Watching computer-model forecasts in the run-up to a snow threat is not unlike watching the fluctuation of a stock price — and sometimes about as useful.

But after some quite predictable vacillation, the general agreement is that the region will see snow Saturday night and possibly Sunday, with a nuisance one to three inches around Philly and more at the New Jersey Shore.

And that’s the latest call from AccuWeather. “We’re close enough in. We have to take a stand one way or the other,” meteorologist Dave Dombek said Thursday, adding that the one inch is more likely than the three.

The computers are taking the main storm well to the south of the region and out to sea, and it’s possible that not a flake falls from the Lehigh Valley north.

Still, even a marginally measurable snow could have a measurable impact, said Dombek, given that the region hasn’t had a significant snowfall since mid-November.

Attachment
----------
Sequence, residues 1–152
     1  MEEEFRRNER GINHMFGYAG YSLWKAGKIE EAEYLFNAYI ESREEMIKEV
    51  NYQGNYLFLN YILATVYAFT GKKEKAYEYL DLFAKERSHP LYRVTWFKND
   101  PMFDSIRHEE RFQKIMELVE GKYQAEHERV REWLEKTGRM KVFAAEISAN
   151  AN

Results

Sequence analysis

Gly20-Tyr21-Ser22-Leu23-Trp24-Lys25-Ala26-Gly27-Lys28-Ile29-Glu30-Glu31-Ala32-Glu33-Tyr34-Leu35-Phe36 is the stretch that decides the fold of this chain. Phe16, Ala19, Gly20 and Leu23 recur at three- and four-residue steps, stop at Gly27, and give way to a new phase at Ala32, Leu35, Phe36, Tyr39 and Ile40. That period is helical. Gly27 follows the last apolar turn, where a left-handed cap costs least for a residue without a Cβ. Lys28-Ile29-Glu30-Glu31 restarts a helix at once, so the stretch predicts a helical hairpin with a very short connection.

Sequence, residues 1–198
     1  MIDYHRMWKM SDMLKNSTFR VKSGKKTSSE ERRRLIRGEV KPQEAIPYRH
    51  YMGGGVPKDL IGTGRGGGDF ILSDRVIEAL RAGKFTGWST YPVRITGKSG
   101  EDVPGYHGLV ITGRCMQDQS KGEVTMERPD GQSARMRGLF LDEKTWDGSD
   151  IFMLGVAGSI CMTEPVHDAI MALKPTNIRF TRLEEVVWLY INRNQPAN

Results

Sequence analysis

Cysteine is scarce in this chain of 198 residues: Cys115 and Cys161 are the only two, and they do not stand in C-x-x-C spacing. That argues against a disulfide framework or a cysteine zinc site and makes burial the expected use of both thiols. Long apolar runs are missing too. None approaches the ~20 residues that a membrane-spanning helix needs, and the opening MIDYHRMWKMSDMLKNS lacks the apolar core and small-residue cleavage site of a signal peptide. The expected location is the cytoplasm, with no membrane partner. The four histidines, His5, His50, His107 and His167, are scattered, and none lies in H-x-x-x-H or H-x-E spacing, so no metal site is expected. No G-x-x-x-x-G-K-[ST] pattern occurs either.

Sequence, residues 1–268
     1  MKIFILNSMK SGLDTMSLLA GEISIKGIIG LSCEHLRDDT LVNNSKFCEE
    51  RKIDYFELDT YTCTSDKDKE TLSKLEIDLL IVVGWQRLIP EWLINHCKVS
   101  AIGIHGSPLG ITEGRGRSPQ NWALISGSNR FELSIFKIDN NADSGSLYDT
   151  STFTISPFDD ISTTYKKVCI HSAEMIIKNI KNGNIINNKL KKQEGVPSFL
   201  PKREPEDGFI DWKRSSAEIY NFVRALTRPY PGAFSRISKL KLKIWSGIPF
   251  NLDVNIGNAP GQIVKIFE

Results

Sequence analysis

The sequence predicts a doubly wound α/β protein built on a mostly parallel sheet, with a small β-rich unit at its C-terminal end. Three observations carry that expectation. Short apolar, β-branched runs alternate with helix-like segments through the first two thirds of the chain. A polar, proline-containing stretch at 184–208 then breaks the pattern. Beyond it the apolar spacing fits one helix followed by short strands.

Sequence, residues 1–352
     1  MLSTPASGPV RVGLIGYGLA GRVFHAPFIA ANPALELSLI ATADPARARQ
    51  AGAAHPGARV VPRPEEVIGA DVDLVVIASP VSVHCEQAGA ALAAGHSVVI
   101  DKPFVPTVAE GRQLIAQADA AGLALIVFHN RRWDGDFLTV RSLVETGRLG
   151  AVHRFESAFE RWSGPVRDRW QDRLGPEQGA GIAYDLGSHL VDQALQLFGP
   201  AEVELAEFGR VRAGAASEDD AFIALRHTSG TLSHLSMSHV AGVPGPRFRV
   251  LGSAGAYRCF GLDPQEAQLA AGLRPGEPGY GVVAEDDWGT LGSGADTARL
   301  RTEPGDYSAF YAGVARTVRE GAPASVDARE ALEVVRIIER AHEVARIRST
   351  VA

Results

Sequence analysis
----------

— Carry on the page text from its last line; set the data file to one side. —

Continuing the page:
“Winter weather has been almost nonexistent for two months,” he said. If it does snow, “people are going to notice it.”

A more significant snowfall is possible at the Shore and in southern Delaware, where up to four inches could accumulate, and the “lollipop” zone of heaviest snow for now is targeting the Washington area.

“For now” is a caveat, because although the models are in “not too bad agreement,” in the words of the National Weather Service office in Mount Holly, they have been known to change course on the threshold of an event.

“To me, the most accurate snowfall model run is the one about 24 hours prior to onset,” which would be late Friday, Tony Gigi, a retired Weather Service meteorologist, posted on the site Thursday.

“Every run before this time is window shopping without making a purchase,” he said.